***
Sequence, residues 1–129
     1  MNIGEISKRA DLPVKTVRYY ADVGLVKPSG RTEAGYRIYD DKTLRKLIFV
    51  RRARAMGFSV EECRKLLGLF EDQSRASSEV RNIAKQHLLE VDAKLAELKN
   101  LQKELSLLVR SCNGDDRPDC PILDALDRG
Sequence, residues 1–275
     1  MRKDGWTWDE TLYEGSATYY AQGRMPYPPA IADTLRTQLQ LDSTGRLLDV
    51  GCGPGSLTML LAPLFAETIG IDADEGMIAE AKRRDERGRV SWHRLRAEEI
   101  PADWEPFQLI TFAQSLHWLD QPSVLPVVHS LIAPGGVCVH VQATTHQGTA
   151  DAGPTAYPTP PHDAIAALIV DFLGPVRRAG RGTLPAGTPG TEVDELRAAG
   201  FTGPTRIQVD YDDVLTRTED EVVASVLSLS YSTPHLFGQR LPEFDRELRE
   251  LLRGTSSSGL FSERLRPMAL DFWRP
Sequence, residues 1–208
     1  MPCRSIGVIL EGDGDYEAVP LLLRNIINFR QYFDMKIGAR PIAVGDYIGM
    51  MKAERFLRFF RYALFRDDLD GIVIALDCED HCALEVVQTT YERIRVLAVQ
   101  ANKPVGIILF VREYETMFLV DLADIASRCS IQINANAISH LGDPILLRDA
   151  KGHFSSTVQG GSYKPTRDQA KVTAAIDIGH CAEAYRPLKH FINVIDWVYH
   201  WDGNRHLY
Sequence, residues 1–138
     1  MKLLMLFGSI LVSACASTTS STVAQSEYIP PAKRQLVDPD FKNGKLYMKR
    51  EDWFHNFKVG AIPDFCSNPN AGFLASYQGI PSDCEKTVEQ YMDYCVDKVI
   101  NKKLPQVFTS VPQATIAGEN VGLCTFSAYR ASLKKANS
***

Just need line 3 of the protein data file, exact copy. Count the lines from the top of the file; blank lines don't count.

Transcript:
    51  RRARAMGFSV EECRKLLGLF EDQSRASSEV RNIAKQHLLE VDAKLAELKN